Just to make things more fun, the first time our southern Sumbat ever performed on stage – this was in Tiflis (today Tbilisi), Georgia, in 1876 – he used the pseudonym of Solntsev.
The fact of the matter is that none of the above variants is wrong. It all depends on what activity and what part of the man’s life you are referring to. I own a collection of his plays where we can find the following sentence embedded in the introduction:
“…These views and convictions of Yuzhin-the-actor found their most vivid expression in the plays of Sumbatov.”
We won’t pursue precisely what these views and convictions were in the eye of the author T. Knyazevskaya. The article was written in 1961 and is filled with all the ideological pathos of the Soviet Union of that time. (For example, my five-volume Russian Theater Encyclopedia, published about the same time, writes that Yuzhin’s mission as an actor was to carry the kernel of good to his public. Pardon me while I wipe the spittle from my shirt-front.) We are more interested in cutting through the morass of enforced opinion in order to discover a bit of the reality surrounding this fascinating, influential, talented man of the Russian theater. As far, then, as the name is concerned, he was Yuzhin-Sumbatov (or just Yuzhin), if you are talking about his work as one of the great actors at the Maly Theater from 1882 until his death in 1927. If you have in mind his considerable work as a playwright (he wrote at least a dozen plays and was considered by the influential critic Alexander Kugel to to be one of the finest Russian playwrights of the late 19th century) he was either Sumbatov-Yuzhin or Sumbatov.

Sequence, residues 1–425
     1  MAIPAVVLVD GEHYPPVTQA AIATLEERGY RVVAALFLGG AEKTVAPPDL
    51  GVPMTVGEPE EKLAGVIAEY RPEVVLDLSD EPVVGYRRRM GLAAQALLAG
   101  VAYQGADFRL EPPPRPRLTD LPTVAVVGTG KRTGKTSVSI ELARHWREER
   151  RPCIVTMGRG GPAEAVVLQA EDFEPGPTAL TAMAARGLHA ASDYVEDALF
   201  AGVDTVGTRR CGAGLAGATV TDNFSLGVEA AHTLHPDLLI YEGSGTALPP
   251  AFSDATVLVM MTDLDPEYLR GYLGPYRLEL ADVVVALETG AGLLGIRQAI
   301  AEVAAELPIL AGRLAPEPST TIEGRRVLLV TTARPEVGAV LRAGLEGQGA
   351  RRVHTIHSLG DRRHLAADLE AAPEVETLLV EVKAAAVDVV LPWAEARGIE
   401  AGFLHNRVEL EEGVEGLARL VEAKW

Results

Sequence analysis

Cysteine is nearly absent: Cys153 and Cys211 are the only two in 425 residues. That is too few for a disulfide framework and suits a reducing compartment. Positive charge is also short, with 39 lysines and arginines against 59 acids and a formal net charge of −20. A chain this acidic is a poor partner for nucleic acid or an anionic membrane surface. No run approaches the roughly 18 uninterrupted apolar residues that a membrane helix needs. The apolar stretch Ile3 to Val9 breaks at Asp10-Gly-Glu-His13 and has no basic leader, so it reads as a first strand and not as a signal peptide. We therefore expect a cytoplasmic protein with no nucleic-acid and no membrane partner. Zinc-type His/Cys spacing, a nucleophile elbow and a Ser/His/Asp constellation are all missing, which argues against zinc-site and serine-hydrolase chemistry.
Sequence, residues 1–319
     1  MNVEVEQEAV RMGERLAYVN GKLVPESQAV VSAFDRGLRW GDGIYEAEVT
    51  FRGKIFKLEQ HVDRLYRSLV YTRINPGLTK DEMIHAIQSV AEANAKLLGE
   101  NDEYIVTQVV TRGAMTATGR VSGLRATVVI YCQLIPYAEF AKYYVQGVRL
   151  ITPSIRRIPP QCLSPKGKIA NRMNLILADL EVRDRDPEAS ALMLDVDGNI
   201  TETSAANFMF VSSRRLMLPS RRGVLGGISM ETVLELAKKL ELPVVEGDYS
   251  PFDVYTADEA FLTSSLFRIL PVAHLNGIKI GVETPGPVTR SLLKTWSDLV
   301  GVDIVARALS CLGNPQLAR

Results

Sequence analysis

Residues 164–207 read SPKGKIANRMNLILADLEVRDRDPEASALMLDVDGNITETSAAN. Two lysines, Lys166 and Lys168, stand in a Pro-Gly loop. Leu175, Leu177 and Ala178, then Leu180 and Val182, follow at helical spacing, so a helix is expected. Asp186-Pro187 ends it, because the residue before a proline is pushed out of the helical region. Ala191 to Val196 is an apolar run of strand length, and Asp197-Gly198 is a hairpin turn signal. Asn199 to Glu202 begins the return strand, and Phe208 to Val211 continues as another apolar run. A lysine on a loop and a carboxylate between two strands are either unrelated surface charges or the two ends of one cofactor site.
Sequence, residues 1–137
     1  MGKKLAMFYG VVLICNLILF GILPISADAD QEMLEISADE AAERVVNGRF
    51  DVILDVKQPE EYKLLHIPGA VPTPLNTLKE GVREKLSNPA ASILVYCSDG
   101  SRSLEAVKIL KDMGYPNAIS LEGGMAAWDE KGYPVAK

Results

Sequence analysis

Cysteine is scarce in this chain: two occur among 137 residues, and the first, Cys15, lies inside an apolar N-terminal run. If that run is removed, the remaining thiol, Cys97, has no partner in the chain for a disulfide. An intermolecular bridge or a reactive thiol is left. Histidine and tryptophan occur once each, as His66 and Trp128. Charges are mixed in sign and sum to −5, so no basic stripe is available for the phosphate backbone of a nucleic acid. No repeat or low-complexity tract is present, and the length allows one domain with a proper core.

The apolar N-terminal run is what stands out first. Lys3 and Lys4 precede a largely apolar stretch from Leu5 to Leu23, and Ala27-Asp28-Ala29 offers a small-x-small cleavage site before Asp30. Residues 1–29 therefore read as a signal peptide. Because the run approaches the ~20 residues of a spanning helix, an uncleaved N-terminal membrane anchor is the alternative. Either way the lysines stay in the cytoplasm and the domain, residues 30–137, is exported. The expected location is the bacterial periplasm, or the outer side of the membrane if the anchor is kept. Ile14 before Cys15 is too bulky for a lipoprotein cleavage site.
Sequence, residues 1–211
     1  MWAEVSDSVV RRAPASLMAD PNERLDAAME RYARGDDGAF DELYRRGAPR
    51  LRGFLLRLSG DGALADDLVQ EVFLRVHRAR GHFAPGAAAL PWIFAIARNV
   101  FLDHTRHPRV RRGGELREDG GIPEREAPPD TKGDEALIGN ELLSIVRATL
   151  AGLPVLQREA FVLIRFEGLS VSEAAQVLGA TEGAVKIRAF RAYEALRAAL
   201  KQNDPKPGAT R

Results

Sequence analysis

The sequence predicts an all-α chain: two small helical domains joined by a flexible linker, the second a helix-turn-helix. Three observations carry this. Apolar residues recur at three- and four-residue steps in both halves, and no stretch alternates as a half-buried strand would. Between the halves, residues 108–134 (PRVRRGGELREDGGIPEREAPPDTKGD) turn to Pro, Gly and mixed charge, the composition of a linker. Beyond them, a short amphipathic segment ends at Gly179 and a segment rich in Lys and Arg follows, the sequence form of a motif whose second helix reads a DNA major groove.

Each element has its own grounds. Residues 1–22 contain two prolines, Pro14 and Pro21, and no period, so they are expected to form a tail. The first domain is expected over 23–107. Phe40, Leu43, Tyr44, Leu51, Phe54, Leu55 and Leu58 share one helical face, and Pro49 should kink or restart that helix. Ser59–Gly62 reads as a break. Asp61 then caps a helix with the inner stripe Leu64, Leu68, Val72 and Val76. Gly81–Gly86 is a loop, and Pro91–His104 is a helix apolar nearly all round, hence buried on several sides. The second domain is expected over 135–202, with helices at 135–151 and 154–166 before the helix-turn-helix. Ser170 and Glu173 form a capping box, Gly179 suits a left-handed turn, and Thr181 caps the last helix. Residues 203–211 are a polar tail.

Alexander Sumbatashvili was born in 1857 in the marvelously-named village of Kukui not far from Tula, which is south of Moscow. As I have mentioned, he died in 1927, a giant in the field of Russian theater. He was a man for whom just one hat was never enough. And he excelled at everything he did, as an actor, a writer, an administrator, and a manager. Like Alexander Ostrovsky before him, he was often the brains and motor behind the Maly Theater during much of his tenure there. He held various administrative duties from 1909 on. He was the managing director from 1923 to 1926.
For most of his years in Moscow he occupied apartments (I purposefully use the old-fashioned plural, because surely he occupied a suite of rooms) in a beautiful Moscow building at 5/1 Bolshoi Palashyovsky Lane, just a stone’s throw from Pushkin Square. Actually the building is located equally at the beginning of Tryokhprudny Lane, but the main, arched, entrance is located on Bolshoi Palashyovsky.
The plaque honoring Sumbatov-Yuzhin was unveiled in 1959. The entire building, including the plaque, was given a major face lift just recently. If I am not mistaken, the scaffolding only came off this year after several years of work. It would appear to have been worth the wait. From the outside, at least, the building is gorgeous.